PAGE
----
Below is a list of general considerations which could apply to pretty much any new appliance, but are always well worth bearing in mind when buying a new dishwasher. If money is no object, you’ll find the process a whole lot easier – just buy an expensive Bosch and ‘job done’. If however, like most of us, you aren’t that lucky, then some compromises will always be involved “this one washes better, but it makes a noise like a jumbo jet taking off. This one is nice and quiet but costs £100 more” etc, etc.
The good news is you can now get great ‘all-round’ performers for under £300 which is a budget most people are comfortable with. If you want to spend more on a top brand, or some other feature that is a ‘must have’ for you, then there are plenty of makes and models to choose from. We’ll do our best to explain the options so you can make an informed (and quick) choice and get on with your life. For additional buying tips please see our dishwasher buying guide here.
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For most people cost is going to be a major consideration when purchasing a new dishwasher. You want to buy something that will meet your needs, look great and last for years without bankrupting yourself in the process. Prices range, at the time of writing, from £185 for a slimline Beko model to more than £2000 for an all-singing-all-dancing Miele. The majority of machines will set you back between £200 and £800 and you can get some really great models in that price range. You’ll pay a little more for an integrated (built in) machine than for a freestanding one. Slimline (narrow) dishwashers are cheaper than their standard-sized counterparts but not as much as half price (which might seem logical as they are almost half the size). Semi-integrated machines also tend to come at a bit of a premium (possibly because the cheaper manufacturers don’t tend to make them).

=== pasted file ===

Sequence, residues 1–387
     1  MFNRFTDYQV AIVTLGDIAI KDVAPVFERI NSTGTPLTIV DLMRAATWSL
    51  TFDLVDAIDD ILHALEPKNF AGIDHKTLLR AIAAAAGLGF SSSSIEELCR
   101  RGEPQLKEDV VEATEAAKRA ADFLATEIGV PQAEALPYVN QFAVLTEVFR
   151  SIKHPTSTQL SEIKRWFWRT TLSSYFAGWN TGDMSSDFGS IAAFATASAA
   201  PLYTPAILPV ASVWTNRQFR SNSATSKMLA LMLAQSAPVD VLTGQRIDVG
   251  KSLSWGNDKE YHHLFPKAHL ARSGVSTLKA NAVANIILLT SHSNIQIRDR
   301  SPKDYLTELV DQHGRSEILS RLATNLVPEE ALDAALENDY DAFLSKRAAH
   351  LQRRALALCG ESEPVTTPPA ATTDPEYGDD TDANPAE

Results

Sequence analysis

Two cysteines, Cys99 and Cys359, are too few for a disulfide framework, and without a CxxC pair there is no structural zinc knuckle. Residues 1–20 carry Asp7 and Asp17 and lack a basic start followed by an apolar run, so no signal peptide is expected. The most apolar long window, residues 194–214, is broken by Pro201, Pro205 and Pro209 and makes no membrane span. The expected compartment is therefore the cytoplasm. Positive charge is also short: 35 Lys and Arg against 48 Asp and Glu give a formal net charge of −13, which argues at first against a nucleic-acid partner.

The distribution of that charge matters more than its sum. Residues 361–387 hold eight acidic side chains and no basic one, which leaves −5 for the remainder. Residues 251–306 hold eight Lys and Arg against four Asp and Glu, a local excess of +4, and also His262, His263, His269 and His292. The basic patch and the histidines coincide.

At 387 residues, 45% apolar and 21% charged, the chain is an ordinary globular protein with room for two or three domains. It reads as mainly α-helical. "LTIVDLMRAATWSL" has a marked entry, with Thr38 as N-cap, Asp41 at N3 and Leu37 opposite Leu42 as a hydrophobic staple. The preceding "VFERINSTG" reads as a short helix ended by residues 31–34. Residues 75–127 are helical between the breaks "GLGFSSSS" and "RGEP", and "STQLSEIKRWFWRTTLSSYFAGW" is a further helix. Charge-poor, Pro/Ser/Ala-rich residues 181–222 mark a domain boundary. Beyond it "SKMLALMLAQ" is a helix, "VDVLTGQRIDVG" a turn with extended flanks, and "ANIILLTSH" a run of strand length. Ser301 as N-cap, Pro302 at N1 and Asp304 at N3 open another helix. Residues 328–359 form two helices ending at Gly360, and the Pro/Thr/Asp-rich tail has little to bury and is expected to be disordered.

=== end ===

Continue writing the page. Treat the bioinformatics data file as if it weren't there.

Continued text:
The key is to make sure that you get the best product you possibly can for your budget and that is where we’ll try to help. We aim to make recommendations taking into account ‘typical’ budgets that people tend to have. The vast majority of people will spend less than £500 on a new machine so we tend to focus our attention on the £200-£500 range.
The good news is that machines are getting better all the time and, as long as you choose wisely in the first place, you can reasonably expect 5-10 years hassle-free service from most decent machines. Does this mean you can’t buy a cheap dishwasher? No, not at all. There are some budget models, especially from Beko, that have excellent feedback from buyers who say they’ve been going strong for years. Will a more expensive machine last longer? Well, the old saying that “you get what you pay for” is never completely redundant. If you spend £500 on a Bosch or similar you can be pretty confident that the machine will last.